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Three considerations that make or break the first encounter with a dataviz
When you meet someone for the first time, how do you decide if you want to get to know them better?
You probably won't be charmed if the person in front of you rambles awkwardly about themselves, spewing random facts left and right as an introduction. But what if they gently mention some compelling details about who they are, woven into a neat storyline, while also pausing and asking you some questions? You’ll most likely want to engage more.
I recently realised that I react similarly when encountering a data visualisation for the first time.
Last week, I was browsing through the longlisted projects of the World Data Visualisation Prize (WDVP) — an initiative organised by Information is Beautiful and the World Government Summit. I took the time to click on every poster and interactive piece, and some of them felt inviting almost immediately. Others were a bit more of a struggle to engage with.
Which got me thinking: why is that? what makes or breaks the first encounter with a chart or infographic? what are the criteria for a good first impression?
I can name at least three.
It’s no secret that we like symmetrical things. Gestalt theory of design analyses this: the human brain tends to perceive symmetrically balanced objects as more aesthetically pleasing. It also helps reduce cognitive load. Here’s an example from the WDVP entries — The Happymap by Alessia Musio. There are quite a lot of elements on the poster, but the effective layout grid makes it pleasant to navigate.
Creating enough white space is like remembering to pause. Can you imagine listening to someone who speaks so fast that they never stop to breathe? It would be overwhelming. Lack of empty space in design can make you feel the same. Increasing it, on the other hand, allows the user to think and digest. Below is an example from Lindsey Poulter — the interactive piece that was awarded the grand prize at the WDVP competition — with a little space between different chart elements. Feels just right, doesn’t it?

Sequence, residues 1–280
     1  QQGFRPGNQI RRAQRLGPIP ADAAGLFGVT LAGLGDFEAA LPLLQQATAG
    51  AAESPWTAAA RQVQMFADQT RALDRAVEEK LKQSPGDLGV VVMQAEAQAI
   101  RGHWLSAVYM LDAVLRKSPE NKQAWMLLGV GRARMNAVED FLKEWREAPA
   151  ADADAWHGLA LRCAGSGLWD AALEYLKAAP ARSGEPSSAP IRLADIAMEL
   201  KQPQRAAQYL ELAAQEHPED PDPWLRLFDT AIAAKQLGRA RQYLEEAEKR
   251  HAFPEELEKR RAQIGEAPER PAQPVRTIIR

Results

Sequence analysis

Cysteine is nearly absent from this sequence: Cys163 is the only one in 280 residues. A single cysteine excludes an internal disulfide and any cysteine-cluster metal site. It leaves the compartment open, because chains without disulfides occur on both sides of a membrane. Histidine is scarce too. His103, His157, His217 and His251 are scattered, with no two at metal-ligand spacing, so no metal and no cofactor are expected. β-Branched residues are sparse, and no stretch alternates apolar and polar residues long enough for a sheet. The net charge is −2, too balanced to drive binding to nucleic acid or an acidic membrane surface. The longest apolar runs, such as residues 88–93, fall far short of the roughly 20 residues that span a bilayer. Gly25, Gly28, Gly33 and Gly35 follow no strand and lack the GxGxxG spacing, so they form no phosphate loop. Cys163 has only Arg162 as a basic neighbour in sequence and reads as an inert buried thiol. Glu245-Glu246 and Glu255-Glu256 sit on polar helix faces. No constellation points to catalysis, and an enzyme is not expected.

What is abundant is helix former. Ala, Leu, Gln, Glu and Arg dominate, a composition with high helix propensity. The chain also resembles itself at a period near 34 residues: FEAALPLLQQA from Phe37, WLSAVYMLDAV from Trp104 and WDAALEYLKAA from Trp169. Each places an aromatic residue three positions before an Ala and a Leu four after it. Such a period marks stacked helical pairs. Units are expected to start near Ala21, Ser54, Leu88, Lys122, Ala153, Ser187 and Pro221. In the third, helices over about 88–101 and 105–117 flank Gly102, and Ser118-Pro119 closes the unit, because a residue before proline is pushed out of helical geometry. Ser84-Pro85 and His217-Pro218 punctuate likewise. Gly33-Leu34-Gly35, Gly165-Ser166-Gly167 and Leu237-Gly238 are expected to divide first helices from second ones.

Oddly, our brain also loves repetition. There’s a long list of rhetorical devices — techniques that increase the persuasiveness of our writing and speaking — that include repetition of a letter, a word, or an entire sentence. For example, alliteration is when you start several words with the same letter in a single sentence. It seems to increase the effectiveness of the message. In data design, a similar outcome is often achieved by using consistent colour and typography. The infographic below by Raphael Hohr is a great example of using consistent design elements for section separators, labels, and titles. You only need to register what they mean once, and then the rest of the piece becomes easy to follow.
Is it worth talking about first impressions at all? We’re often taught not to trust them. Don’t judge a book by its cover, says common wisdom. And there’s some truth in that. But I’m sure you can name at least one friend today that you didn’t necessarily love at your first encounter. What if you hadn’t gotten a second chance to get to know them better? You’d certainly miss out.
Not everyone will take a second look at your graphic. You may lose the opportunity to inform or even spark some action.
So why not pave the way for success right off the bat?
Thank you for reading The Plot ✨
Talk next week,
New: data storytelling course
Next month, I’m running my very first data storytelling masterclass open to the public (yay!). We’ll work on how to craft, design and present data stories that inspire action. You can find more details and enrol here! If you have any questions about the course, hit reply to this email or schedule a chat here.